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The passing of my mentor, fellow musician and friend, the great guitarist (and to many, Guru) Johnny Fourie on 19 August 2007 took place whilst I was at sea in Table Bay, and as I got the news I gazed absently at Table Mountain in the distance, wispy clouds caressing the table top on that peaceful and sunny early spring day in Cape Town.


I took some mental time out from the teaching of my sailing students and, as they continued sailing the boat, oblivious to this momentous event in the history of music in South Africa, I reflected on a man who had never received the recognition that he deserved when it would have mattered, and whose life's work was now done. This day had had to come, and I was prepared for it, especially since I had, two nights earlier, received news from Johnny's wife Val that he was in intensive care, and probably on his way.


I last spoke face to face with Johnny when I attended his 70 birthday party on the 19th May 2007, where to everyone's great delight, his newly released CD was receiving much attention. (I would always call him from within my studio when, in an excited state, I had just laid down a solo, or some musical passage which I knew he would enjoy, and indeed I had done so in the weeks before).  As usual, I was lucky enough to have had yet another serious conversation with Johnny on the topic of musical improvisation and composition, and during this time I somehow knew that this was to be our last such discussion.  Johnny had always been the one person with whom I could delve into the most abstract musical concepts, and this was no doubt because we had traveled the road of musical discovery together during my formative years.  We simply understood each other - in our conversations as much as in our playing.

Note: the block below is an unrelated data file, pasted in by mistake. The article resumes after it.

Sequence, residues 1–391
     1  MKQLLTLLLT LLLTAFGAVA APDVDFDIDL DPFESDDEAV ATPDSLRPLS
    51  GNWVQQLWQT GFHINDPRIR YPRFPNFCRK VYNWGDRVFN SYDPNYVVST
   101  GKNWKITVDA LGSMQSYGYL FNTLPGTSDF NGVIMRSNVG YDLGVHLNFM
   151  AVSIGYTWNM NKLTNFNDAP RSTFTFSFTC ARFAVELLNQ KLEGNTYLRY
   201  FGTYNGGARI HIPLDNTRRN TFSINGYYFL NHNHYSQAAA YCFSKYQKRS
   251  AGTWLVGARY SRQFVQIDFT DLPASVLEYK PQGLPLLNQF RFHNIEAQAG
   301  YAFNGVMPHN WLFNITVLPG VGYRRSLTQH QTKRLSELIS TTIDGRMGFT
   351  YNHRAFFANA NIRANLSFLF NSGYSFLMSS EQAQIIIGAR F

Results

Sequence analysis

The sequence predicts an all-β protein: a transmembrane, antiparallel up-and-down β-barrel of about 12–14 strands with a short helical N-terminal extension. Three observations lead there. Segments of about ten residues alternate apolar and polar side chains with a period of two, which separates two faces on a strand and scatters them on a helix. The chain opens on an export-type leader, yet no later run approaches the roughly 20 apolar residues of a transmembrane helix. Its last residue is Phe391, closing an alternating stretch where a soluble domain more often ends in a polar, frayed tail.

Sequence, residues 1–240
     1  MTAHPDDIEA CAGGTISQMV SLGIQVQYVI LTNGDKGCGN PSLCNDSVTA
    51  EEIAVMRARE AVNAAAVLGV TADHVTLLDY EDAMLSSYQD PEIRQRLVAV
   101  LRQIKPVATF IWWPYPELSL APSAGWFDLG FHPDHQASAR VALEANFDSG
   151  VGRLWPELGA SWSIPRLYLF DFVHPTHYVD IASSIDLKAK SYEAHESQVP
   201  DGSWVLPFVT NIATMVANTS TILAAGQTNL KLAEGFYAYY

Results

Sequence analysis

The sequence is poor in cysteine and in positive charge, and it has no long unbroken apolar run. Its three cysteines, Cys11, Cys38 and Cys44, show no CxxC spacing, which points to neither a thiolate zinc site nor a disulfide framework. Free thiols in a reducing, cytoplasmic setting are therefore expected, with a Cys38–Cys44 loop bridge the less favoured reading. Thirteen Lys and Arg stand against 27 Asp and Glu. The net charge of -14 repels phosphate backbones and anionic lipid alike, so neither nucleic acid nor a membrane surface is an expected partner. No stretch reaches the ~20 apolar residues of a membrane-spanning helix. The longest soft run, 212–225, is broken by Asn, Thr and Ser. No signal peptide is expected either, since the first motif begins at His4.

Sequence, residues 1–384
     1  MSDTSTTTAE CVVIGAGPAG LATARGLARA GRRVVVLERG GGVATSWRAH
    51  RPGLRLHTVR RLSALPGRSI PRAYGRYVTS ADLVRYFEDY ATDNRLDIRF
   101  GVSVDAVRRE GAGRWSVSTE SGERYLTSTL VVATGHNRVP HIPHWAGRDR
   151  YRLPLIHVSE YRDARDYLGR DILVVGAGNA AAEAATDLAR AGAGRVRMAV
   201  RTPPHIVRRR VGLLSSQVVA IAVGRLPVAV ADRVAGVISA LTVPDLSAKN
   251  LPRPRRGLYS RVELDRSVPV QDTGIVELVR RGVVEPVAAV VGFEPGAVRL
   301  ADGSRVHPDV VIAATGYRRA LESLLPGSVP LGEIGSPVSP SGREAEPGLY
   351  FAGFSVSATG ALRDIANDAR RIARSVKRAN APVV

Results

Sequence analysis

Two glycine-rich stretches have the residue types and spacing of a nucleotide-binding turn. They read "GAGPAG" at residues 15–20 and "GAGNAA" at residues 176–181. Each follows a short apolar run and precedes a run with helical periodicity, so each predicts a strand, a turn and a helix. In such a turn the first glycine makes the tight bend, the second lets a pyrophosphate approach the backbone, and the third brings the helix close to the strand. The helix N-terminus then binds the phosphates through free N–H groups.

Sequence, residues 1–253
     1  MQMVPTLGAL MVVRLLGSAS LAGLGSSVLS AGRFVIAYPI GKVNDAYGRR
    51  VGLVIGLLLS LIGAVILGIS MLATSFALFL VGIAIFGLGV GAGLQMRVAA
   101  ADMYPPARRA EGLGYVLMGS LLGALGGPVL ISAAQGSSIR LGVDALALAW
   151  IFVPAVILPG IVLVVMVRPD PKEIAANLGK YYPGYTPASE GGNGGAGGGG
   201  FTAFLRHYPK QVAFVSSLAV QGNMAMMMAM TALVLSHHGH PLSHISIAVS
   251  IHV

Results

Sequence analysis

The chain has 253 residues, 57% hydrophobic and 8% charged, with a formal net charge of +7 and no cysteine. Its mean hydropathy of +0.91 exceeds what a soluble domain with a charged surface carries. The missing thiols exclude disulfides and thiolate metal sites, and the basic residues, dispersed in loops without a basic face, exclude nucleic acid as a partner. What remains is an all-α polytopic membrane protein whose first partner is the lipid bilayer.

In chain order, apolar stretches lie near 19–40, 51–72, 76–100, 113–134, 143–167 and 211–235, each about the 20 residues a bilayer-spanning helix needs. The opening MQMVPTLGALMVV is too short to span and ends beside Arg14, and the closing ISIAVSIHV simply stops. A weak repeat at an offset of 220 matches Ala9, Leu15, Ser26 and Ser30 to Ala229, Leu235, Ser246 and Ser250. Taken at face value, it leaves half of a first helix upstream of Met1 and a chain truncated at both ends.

I was invited to perform at the memorial concert which took place at the Wits Theatre on the 8th September 2007.  This was a dignified affair, yet joyful and uplifting.  Many musicians and friends of the great man were there to pay tribute to his life, and the learnings that we all gained from him.


Johnny will remain a lifelong inspiration to me, and his spirit of music will always be found between the notes that I play.  And as I spend this time in my studio preparing for the completion of my next album (overdue by a year!), I now understand why it has been so delayed in its finalization:  simply this - it is all dedicated to Johnny, containing pieces that we performed together, pieces that I wrote in honour of my experiences with him, and a poignant piece which relives the spirit and intensity of our work as a duo, written in London during the early eighties when I so sorely missed his musical companionship.


The profundity of mood and emotion that I now carry with me has found expression in "Changes", my second album.  It was my intention that this would be my musical tribute to the man who gave me so much.